»High Availability Installation

Installing Boundary as a high availability service requires certain infrastructure considerations. At the most basic level, running 3 controller and 3 worker instances gives a fundamental level of high availability for the control plane (controller), as well as bandwidth for a number of sessions on the data plane (worker). Both server types should be run in a fault-tolerant configuration, that is, in a self-healing environment such as an auto-scaling group. The documentation here does not cover self-healing infrastructure and assumes the operator has their preferred scheduling methods for these environments.

»Network Requirements

The following ports should be available:

  • Clients must have access to the Controller's port (default 9200)
  • Clients must have access to the Worker's port (default 9202)
  • Workers must have access to the Controller's port (default 9201)
  • Workers must have a route and port access to the hosts defined within the system in order to provide connectivity


The general architecture for the server infrastructure requires 3 controllers and 3 workers. Note that it is possible to run a controller and worker within the same process, but the guide here assumes separate deployments. The documentation here uses virtual machines running on Amazon EC2 as the example environment, but this use case can be extrapolated to almost any cloud platform to suit operator needs:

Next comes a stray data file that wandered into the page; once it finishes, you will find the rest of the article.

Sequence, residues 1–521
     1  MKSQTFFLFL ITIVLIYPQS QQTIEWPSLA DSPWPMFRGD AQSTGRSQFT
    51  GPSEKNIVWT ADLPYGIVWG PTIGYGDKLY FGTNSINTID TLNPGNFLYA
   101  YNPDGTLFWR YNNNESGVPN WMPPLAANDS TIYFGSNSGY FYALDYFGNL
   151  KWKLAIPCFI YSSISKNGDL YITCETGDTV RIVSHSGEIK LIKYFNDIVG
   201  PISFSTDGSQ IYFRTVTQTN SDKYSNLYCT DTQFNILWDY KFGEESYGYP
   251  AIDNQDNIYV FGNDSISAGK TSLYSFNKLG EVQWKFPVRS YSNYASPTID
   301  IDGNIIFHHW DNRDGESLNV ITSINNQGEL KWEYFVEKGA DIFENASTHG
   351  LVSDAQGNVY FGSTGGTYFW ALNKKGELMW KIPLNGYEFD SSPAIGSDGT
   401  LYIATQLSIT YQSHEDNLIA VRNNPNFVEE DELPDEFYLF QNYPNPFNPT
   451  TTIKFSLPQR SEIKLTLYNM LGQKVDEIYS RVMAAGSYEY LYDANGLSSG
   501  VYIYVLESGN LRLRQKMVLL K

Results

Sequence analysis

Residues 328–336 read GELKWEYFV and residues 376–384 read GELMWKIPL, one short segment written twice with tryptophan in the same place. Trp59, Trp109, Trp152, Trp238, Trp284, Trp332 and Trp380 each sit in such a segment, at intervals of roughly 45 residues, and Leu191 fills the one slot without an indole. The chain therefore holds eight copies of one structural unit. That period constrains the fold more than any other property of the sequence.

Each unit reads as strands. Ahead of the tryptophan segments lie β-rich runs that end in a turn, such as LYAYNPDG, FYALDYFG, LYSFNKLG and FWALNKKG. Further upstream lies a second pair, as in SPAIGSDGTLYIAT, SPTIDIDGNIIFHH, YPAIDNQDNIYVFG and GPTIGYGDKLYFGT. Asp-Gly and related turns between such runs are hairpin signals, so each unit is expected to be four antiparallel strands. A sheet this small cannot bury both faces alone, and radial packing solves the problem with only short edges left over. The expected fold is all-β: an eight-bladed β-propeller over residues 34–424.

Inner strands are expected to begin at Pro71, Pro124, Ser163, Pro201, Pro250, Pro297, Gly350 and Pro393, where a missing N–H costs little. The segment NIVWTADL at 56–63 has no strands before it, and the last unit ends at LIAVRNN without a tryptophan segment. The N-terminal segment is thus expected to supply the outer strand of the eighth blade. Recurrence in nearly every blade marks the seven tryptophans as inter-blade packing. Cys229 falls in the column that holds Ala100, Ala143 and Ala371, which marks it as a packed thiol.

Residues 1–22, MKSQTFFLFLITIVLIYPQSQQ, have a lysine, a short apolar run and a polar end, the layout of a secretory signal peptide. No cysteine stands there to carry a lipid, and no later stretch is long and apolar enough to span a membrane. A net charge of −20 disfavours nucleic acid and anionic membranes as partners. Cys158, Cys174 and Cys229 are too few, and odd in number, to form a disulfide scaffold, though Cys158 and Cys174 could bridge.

As shown above, Boundary is broken up into its controller and worker server components across 3 EC2 instances, in 3 separate subnets, in three separate availability zones, with the controller API and UI being publically exposed by an application load balancer (ALB). The worker and controller VM's are in independent auto-scaling groups, allowing them to maintain their exact capacity.

The workers must be able to establish a connection to the hosts with which they interact. In the architecture above, we place them in the public subnet so our remote client can establish a session between them and the target VM.

Boundary requires an external Postgres and KMS. In the example above, we're using AWS managed services for these components. For Postgres, we're using RDS and for KMS we're using Amazon's Key Management Service.

»Architecture Breakdown

»API and Console Load Balancer

Load balancing the controller allows operators to secure the ingress to the Boundary system. We recommend placing all Boundary servers in private networks and using load balancing techniques to expose services such as the API and administrative console to public networks. In the high availability architecture, we recommend load balancing using a layer 7 load balancer and further constraining ingress to that load balancer with layer 4 constraints such as security groups or IP tables.

For general configuration, we recommend the following:

  • HTTPS listener with valid TLS certificate for the domain it's serving or TLS passthrough
  • Health checks should use TCP port 9200

»Controller Configuration

When running Boundary controller as a service we recommend storing the file at /etc/boundary-controller.hcl. A boundary user and group should exist to manage this configuration file and to further restrict who can read and modify it.

For detailed configuration options, see our configuration docs.